Don't fall into the trap of playing a certain character type because you "know" there's a spiffy piece of equipment available for you which will shore up your weaknesses and make you into a god. You have no idea if this sort of equipment will be available, you don't know what other equipment may be available, and it's a really dumb idea to begin with. This failing is most common in local vault players who design their own gear for hours and hours, and players who read too many hint books.

Development: Hit Point Rolls
A somewhat cheesy trick when levelling up is to simply cancel any roll that gives you less than you maximum possible hit points. If you are a barbarian with 16 constitution and the toughness feat, this means you keep rerolling until you get that magic 16 hit points. If you have the patience for this sort of rerolling, it can benefit you over the long haul.

Development: Ability Increases
The min-maxer's general rule for ability increases is to design your character with a high value in your primary attribute, whatever that is, and raise it every chance you get. This means that if you are a big two-handed sword wielding fighter who started with 18 strength, every time you get the opportunity to raise an ability score (at levels 4, 8, 12, 16 and 20) you raise your strength. As long as you spent 16 of your starting 30 ability points to start at 18, it just makes good sense to keep raising it rather than shoring up your humiliatingly low 8 intelligence.

Planning Ahead
If you want to be really picky about how your character develops, particularly with a multiclass where the timing of your level increases can be crucial, try to plan out a career path for yourself. If you like, load up Contest of Champions (a PvP module irrationally force-fed into the infamously bad 1.21 patch) in single player and get the Fight Master to level you up as high as you like, and just see the progression you make as you level up.


The first vendor you will encounter is actually two vendors; the Entry Daemon provides general goods at one price, and metal-heavy goods at a higher price. Our general recommendation is that you determine what metal-heavy things you require and make sure you buy them first. You can always pick up the nonmetal goods later, albeit at a higher price, but certain metal-heavy items will not be available at all until you bring in enough salvage for the Guild of Smiths. Make sure you have one o those two-handed swords you put focus into, and worry about buying your accessory longbow later.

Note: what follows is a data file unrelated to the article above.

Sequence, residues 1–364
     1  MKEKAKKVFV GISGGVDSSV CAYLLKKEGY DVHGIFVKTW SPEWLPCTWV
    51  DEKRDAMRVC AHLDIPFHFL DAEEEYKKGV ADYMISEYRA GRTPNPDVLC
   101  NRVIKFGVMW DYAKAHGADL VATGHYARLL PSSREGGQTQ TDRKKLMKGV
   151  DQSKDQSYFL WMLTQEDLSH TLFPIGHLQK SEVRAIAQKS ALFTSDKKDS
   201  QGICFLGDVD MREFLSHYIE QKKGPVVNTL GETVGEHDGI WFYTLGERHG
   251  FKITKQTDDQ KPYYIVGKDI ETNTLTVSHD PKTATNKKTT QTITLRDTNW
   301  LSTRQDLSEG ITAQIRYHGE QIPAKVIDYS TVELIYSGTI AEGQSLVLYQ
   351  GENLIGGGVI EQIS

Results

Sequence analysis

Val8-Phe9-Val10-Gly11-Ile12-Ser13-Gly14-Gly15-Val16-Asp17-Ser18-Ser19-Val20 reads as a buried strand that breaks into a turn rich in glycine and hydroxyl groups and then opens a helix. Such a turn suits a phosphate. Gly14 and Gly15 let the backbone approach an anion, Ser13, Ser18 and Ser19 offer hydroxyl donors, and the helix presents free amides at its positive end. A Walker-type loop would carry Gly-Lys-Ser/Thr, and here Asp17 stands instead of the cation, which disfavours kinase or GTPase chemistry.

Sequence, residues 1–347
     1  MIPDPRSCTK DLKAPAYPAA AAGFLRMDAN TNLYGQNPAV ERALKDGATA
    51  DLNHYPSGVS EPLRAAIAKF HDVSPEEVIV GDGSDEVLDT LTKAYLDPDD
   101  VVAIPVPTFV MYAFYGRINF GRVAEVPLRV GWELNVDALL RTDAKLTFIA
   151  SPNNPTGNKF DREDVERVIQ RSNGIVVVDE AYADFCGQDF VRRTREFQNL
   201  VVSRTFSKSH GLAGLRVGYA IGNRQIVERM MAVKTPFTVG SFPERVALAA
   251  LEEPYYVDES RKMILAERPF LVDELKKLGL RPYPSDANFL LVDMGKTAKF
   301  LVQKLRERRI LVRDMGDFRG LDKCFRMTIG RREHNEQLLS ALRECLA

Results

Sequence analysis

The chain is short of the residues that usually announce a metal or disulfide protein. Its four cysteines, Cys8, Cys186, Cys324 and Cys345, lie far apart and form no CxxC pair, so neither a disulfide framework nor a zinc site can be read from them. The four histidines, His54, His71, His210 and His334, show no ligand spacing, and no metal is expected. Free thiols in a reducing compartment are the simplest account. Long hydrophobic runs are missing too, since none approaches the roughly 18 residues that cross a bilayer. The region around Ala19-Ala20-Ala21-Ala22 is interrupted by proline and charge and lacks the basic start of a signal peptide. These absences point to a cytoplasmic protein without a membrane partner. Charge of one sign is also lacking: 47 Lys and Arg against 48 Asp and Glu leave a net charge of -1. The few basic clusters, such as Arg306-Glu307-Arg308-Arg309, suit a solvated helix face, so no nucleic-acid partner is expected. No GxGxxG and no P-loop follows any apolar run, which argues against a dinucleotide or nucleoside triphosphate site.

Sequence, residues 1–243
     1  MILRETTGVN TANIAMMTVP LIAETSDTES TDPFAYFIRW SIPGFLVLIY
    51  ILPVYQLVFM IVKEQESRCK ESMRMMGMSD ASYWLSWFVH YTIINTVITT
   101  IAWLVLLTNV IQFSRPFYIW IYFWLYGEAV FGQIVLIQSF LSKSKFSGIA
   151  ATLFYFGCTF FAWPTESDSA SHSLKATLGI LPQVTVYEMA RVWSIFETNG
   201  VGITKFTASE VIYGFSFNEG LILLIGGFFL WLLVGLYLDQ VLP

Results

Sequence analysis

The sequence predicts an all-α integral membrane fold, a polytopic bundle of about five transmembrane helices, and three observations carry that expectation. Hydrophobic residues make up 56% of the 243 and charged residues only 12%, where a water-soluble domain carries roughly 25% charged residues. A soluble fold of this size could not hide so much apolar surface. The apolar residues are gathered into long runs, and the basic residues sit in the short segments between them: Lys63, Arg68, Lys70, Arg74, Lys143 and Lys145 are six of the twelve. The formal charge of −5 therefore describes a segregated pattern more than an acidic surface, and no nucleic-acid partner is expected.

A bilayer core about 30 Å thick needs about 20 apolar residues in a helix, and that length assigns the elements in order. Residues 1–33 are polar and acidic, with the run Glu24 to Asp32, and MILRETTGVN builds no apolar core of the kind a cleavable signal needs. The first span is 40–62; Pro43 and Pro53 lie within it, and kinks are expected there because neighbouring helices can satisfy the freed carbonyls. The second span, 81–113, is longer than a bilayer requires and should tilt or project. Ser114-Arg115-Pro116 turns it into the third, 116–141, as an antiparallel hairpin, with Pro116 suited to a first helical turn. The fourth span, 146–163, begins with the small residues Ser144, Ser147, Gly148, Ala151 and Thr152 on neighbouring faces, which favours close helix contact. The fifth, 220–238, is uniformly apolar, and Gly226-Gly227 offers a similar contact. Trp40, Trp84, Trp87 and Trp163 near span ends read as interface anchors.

Some early testers of Three Towns complained that there was not enough money for basic supplies. I've never found this to be the case, but I'm a notorious miser. Nevertheless, low level creatures drop a fair bit of coin and some nifty items, and you can do relatively well financially in Three Towns if you play smart.

However, you should never expect to become a tycoon in Three Towns like you can in the single player game. For one thing, Three Towns is a fairly poverty-stricken setting, and the merchants will sell high and buy low, especially if you're forced to deal on the black market. In addition, the gate guards will look over your equipment most thoroughly when you seek entrance, and charge you a head tax according to what you're carrying if they deem you wealthy enough to afford it. The head tax should never be outrageous relative to what you own, but a little tax every time you go into town will add up, forcing you to plan your town trips and keeping the game economy from exploding too quickly.

Pick up everything, be thrifty, and invest in a couple of magic bags so you can haul more loot (especially scrap metal). You will never be as rich as you migh think you should be, but you'll be rich enough to do what you need. If you find yourself going broke from constantly buying an infinite number of healing kits which you "need" to fight the things you're going for, you probably don't really "need" to be going after something that difficult in the first place.


Three Towns' variable saving system means that we can save an infinite number of quests states and such on your character, even between server restarts and the occasional crash. Quests are not given out in Three Towns by level; no one will say, "Sorry, I can't give this quest to a level 4." Just because you get a quest as soon as you materialize in Three Towns doesn't mean you'll be able to complete it anytime soon. However, go ahead and get as many quests as you can find; your journal will be updated and keep you current on what you have cooking (yes, even between restarts).